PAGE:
Vaginal Birth After Cesarean (VBAC)
A cesarean section is an operation where a baby is born through a surgical cut made into the mother’s abdomen and the uterus. Cesareans are performed for a number of reasons and can be potentially life saving for both mother and baby.
Unfortunately, although the World Health Organisation considers the ideal rate for cesarean sections to be between 10% and 15%, cesarean sections have become increasingly common.
In Australia, the rate of women giving birth by cesarean section has continued to rise, to 35% in 2018 and, in private hospitals, where obstetricians manage care, the rate is much higher than the rate in the public hospital system.
The NSW Mothers and Babies report from 2016 found that operative (cesarean) births are more common among privately than publicly insured mothers. For privately insured mothers, the cesarean section rate was 42.1% but for publicly insured mothers the cesarean section rate was 27.8%.
Quite a difference in numbers.
With increasing numbers of mothers who have previously had a cesarean, there is a corresponding increase in interest in the option of Vaginal Birth After Cesarean, or VBAC.
Some of the benefits of having a VBAC, rather than another cesarean include a faster recovery time, a shorter stay in hospital, a decreased risk of infection and less pain after birthing.
As with anything, there are risks that come with having a VBAC. The most commonly quoted is the risk of uterine rupture, although the risk of this is only a .5% risk, meaning that 95.5% of women who are aiming for a VBAC will not have a ruptured uterus.
And while the U.K. has recently published guidelines about VBAC, which include explaining to women that there is little difference in outcomes for the baby between a repeat cesarean or a VBAC, supporting full range of choice for pain relief (including water birth) and continuous CTG monitoring only in certain circumstances, Australian hospitals often continue to implement monitoring and inform women that a water birth is not an option for a woman who is aiming for a VBAC.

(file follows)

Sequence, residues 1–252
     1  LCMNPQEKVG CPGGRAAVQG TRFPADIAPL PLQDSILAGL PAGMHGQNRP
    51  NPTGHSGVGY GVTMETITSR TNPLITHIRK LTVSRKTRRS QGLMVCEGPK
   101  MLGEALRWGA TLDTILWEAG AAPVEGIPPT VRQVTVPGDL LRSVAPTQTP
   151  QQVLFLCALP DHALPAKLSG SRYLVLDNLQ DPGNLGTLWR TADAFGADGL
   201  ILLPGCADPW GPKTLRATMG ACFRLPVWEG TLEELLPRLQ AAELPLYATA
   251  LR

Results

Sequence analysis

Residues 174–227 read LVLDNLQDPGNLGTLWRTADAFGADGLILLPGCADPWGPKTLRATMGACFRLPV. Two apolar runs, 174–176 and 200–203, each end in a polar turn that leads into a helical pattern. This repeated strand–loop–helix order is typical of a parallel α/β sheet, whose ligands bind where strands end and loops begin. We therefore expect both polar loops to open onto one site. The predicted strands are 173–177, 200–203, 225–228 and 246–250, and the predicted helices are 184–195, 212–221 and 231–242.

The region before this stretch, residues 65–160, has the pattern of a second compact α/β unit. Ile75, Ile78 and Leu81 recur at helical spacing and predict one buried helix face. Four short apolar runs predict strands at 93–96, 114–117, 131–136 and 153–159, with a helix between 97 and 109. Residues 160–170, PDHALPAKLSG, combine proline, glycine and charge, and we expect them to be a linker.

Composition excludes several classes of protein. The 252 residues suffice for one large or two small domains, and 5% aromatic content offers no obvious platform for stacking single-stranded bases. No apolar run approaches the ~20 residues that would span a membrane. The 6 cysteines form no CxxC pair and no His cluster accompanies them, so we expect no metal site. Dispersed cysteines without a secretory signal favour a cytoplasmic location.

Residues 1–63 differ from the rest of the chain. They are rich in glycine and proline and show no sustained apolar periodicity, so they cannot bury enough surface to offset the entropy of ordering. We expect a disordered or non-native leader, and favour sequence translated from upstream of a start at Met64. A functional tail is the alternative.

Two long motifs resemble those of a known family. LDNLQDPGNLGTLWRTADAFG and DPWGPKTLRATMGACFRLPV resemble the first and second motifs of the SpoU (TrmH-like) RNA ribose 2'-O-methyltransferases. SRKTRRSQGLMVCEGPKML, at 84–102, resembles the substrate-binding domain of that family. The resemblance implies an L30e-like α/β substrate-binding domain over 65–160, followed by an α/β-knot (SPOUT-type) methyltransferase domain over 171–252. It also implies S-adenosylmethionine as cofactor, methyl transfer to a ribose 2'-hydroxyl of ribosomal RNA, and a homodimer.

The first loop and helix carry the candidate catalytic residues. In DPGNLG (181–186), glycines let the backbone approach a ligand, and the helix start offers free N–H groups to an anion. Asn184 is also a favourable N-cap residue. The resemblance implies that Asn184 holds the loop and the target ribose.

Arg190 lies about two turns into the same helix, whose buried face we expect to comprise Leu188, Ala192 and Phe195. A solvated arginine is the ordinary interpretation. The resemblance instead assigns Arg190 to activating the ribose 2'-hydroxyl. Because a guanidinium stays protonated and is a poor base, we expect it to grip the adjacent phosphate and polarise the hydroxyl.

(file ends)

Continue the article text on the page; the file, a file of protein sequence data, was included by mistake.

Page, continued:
As with any aspect of your pregnancy, labour and birth, the only way to have real options is to understand what those options are. This is especially true with a VBAC.
If you are considering having a VBAC, there are a number of ways you can inform yourself, but it is also important to seek information from a variety of sources. Good sources of information include speaking to your midwife, reading research based information online (www.sarawickham.com is a midwife researcher who translates research into easy to understand language) and asking questions about anything you don’t understand, or that doesn’t seem to fit with what you want to achieve.
There are also a number of ways in which you can increase your chances of having a VBAC, including choosing midwifery led care, hiring a doula and remembering that this is your body, your baby and your birth. You do not have to do anything, regardless of what well meaning people may tell you.
If you would like more information about VBAC or birthing, speak to your midwife or contact Dauntless Birth.